A Maryland Man
Old Jim shuffled slow whenever he walked. The gent played one mean harp, too. He broke it out often, and a scuffed black-shoed foot would start tapping out a steady beat while he “marked a train”, as he called it. You could close your eyes and almost taste the thing wailing somewhere off in the distance. He could mock the sounds well.
Mom Bell graciously had allowed my bride and our new-born a bedroom for free while we waited for our name to move up the long housing list. Situated in the outlying suburbs of Washington, D.C., the spacious ranch in the forest offered plenty of space for us all. Jim had his own private quarters in a smaller house out back where I’d sit and feed logs into his wood stove while he played me a song.
He had came to live with her and her husband as a young boy, she said. They found him wandering the streets one day, dazed and bleeding from a bad head injury. Mom Bell dressed his wounds while her husband sought out his kin. She explained to us that none were ever found, so they took to looking after him as an unofficial adopted child. Recently widowed, she still took care of old Jim.
Uneducated as he was, he helped her around the house with light chores in exchange for room and board. It was a fair deal. He didn’t seem to mind the situation, nor did the odd relationship seem all that unusual to us, after awhile. The old fellow simply needed her.
The first time he met our infant, he approached the boy with both caution and wonder. After tickling his tiny chin once, he looked up at us with a set of watery eyes and declared,
“Looks jus’ like a little human, don’t he.”
Jim lived in his own world. Mom told us she had caught him far from the house one day, walking down the side of the road. She pulled over and opened the passenger door to yell at him.
“Jim! What are you doing out here?”
“I’m going in to see Franklin, Miz Bell.” And he smiled toothlessly at the woman.
“Jim, get in the car right this minute.”
He got in and they drove back home.
“How do you know where Franklin lives anyway, Jim?”
Mom already knew that Franklin lived twenty-five miles away, in downtown D.C.
“Oh, he got him a blue Buick parked out front his place, Miz Bell. I’d knows it anywhere.”
Mom Bell stayed busy helping poor folk. She rose early, and if she wasn’t showing me how to re-upholster an old couch to donate, she was off on another of a thousand errands. She always left with a cheery reminder for Jim.
“Don’t forget to water my flowers.”
While my wife prepared a bottle on the stove, Jim dragged his feet around the house, carrying a watering pitcher and grumbling to himself.
“Water dem flowers. Water dem flowers. Das all I got time to do is water dat lady's damn flowers.”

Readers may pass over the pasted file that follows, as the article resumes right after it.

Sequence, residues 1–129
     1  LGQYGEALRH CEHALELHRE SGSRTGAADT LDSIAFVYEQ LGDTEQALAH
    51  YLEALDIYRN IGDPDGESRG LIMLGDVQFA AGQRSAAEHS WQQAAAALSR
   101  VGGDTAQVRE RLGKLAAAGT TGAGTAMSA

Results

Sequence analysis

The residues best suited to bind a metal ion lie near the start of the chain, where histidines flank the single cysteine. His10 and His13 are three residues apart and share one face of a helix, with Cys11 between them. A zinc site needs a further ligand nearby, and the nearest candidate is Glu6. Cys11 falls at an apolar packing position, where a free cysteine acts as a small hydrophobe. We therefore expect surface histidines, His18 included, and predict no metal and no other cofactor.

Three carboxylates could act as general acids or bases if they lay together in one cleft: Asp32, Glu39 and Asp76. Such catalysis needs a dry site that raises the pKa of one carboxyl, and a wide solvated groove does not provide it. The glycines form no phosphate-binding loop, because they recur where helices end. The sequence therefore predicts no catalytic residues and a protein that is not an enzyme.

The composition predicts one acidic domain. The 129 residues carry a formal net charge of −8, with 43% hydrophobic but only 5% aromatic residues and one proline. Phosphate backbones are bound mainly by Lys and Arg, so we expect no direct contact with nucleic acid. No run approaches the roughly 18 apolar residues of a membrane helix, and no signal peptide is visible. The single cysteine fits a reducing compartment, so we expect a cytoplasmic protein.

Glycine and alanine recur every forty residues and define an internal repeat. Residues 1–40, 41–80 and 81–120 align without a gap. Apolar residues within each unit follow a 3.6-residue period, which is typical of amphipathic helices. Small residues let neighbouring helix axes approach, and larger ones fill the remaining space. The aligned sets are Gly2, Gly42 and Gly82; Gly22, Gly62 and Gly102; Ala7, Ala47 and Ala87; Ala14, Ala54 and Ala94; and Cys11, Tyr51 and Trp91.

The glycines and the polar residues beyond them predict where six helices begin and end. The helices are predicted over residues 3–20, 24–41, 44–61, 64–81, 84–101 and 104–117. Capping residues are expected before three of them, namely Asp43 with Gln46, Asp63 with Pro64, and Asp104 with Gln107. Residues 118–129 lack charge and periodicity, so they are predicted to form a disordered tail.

He held serious conversations with everything around him, including objects. I passed through the kitchen just as he dropped a fork while he did dishes.
“Show! You jus jump right out my hand like you supposed to. I won‘t argue with dat.”
I don’t think he ever saw me, either coming or going.
Jim would answer the phone if no one else was around. Mom walked in the kitchen with an arm full of groceries and found a note laying on her counter. The wife and I had gotten home just prior. She sat her bags down while I stirred sugar into a fresh cup of coffee, and then she picked up the note and studied it. She had a quizzical look on her face when Jim came in the back door. Mom Bell waved the note at him.
“Jim. What is this?”
“Oh, some lady, she calls for you.” He went to the sink to fill a glass with water.
She placed the note on the table next to my cup of coffee, and then went to stocking cabinets. But she grinned at me.
“Who was she, Jim?”
“I doan recall jess who she was, Miz Bell. Thas why I took and wrote it down, for you.”
She picked the slip of paper back up. On it were several squiggly lines, like waves.
“Well, what does it say, Jim?”
Old Jim acted insulted at her question as he carefully rinsed his glass.
“Don if I knows. I doan read no writin’.”
We finally got our phone call. Our new apartment awaited us. A week later, I had a friend drive me back to Mom’s house to help load a couch.
The two of us arrived at dark. No car in the driveway. I had Paul back his truck in, and then he and I went around to the rear of the house. I never mentioned Jim, figuring he was asleep anyway. And I knew Mom wouldn’t mind if I let us in through her unlocked basement door.
After pushing the door open, I switched on the lights. We got halfway across the room when a lone figure on my couch raised up from under a blanket . Paul nearly had a stroke.
Later, on the way home, my still-astonished pal told me,
“I just never expected to see a Negro living in her basement.”